NMI’s Guide to Delivering a Winning Training Session

May 14, 2018 — by Lauren Jones    

Picture this.

It’s 2 pm at the end of a busy week and you’re in an industry training session. The room is stuffy, the coffee is weak and watching paint dry would be more interesting.

We’ve all been there at more than one point in our careers. A badly facilitated training session is a grim experience for the learner and even worse for the facilitator.

At NMI, we’re passionate about our subject matter and often have enthusiastic learners attend our trainings. But we don’t rely on those things to drive engagement. Our trainers have a wealth of experience in the education and training sector and have picked up a fair few tips along the way.

So, in case you ever have to facilitate ”Disposing of Household Waste 101” (yes, I once had to run that very course), we thought we’d share our top tips on delivering a winning training session.

1) Consider how adults learn

Adult learning theories, such as Knowles’s 4 Principles of Andragogy, tell us that we don’t passively absorb information in the way kids do. Adult learners have much more complex needs and embody a variety of learning styles. A powerful facilitator will employ different teaching methods such as asking questions, starting discussions or running activities, polls and quizzes.

2) Create an outstanding learner experience

The learner experience encompasses everything from registration to application. If a facilitator misses the mark for any of the components involved in learning, the learner experience is affected, and the level of learning is compromised. Training should happen when people are most productive. As a rule of thumb, morning sessions are good, after lunch is bad. Think about the learning environment. Poor lighting, uncomfortable temperature and insufficient refreshments are all barriers to learning. Keep time. Adult learners will appreciate starting and finishing on time.

3) Manage difficult behaviors

It can throw off the best of us when the group goes silent or someone tries to take over the session. Participants may even become hostile and challenge your credentials. Facilitators must quickly identify and deal with these common scenarios to keep the event flowing and positive. Set ground rules early. Bring quieter people into the discussion. If someone has lots of questions that are disrupting the session, offer to follow up with them afterward. Most importantly, always stay calm.

4) Ask the right questions

Asking questions encourages participation and gives learners a chance to evaluate and develop critical thinking. Asking open-ended questions draws out ideas and allows the learner to elaborate. Intelligent and thought-provoking questions can initiate a discussion and increase participation. Just don’t forget to listen to the answers!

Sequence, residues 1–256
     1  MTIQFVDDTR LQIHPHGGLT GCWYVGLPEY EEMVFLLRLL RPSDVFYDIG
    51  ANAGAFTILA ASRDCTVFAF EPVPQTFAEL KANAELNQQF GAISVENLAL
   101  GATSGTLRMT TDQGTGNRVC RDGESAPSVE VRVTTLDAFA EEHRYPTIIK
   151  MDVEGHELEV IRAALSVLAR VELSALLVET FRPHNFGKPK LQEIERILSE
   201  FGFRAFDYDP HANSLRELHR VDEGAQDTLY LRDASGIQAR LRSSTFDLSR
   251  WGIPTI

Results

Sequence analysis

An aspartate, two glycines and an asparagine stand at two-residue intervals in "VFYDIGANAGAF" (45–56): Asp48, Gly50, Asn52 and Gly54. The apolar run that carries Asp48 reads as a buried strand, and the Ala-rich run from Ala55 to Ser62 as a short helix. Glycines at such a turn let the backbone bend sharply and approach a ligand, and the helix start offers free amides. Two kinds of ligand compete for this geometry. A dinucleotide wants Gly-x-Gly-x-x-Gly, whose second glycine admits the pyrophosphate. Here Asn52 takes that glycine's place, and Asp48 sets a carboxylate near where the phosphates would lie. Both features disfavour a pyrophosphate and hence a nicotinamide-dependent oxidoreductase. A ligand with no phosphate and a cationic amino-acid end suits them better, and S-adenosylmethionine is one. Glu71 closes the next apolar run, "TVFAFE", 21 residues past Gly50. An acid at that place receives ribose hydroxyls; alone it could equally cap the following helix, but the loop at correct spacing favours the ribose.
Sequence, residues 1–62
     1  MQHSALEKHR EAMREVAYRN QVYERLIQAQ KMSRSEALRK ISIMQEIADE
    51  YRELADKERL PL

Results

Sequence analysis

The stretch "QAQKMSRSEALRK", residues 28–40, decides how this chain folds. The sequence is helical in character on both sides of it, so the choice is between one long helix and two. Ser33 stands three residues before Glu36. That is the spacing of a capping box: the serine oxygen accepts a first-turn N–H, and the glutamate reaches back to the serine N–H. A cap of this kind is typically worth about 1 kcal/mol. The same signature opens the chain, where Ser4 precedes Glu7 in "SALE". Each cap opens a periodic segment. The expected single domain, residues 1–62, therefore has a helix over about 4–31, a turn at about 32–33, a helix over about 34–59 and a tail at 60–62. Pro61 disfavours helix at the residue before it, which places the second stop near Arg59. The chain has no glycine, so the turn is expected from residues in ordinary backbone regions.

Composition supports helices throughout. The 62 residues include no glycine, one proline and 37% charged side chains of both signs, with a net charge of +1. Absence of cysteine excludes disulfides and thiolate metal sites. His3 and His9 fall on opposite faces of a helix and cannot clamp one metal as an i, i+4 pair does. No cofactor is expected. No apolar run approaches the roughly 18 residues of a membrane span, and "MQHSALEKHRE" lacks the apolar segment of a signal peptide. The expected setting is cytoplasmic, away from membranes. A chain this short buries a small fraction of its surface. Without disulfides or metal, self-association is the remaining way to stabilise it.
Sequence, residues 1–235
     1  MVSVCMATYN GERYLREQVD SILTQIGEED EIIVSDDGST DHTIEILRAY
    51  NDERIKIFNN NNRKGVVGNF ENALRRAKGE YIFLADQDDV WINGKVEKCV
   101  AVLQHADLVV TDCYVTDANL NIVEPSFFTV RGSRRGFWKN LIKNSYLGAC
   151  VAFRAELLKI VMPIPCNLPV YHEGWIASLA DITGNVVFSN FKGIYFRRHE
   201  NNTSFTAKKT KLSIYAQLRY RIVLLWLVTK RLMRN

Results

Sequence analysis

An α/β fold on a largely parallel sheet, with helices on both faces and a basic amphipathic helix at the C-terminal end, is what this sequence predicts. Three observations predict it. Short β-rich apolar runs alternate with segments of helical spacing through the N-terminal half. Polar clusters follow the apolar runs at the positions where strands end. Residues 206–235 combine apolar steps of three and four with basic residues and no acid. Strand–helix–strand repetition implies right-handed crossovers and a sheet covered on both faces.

5) Build rapport and increase engagement

Getting everyone involved is the key to a successful training session. If you stand up and talk for three hours, you’re a lecturer, not a facilitator. Icebreakers, energizers and activities are great tools for enhancing engagement and putting everyone at ease.

6) Be inclusive

A truly brilliant facilitator will place inclusivity at the heart of the session. Being mindful of the diversity of learners is crucial to ensure everyone has equal opportunity to achieve the objective. Inclusivity begins in the planning stage. Think about how your activities and tasks might be affected if a percentage of attendees has mobility issues, dyslexia, are hard of hearing or blind. Minimizing jargon and cultural references and making course materials available online will ensure your content is accessible.

Remember, inclusivity is a journey. It is not about being all things to all people all of the time, but about continually reflecting and asking, “How can I do better?”

Facilitation is an ongoing voyage of discovery. Subject matter will change, new scenarios will present themselves. Even if you are delivering the same content each time, no two training sessions will ever be the same. So, don’t expect to be perfect the first time or even the 50th time. Learn from mistakes, hone your skills and continue your own learning journey. Your students are counting on it.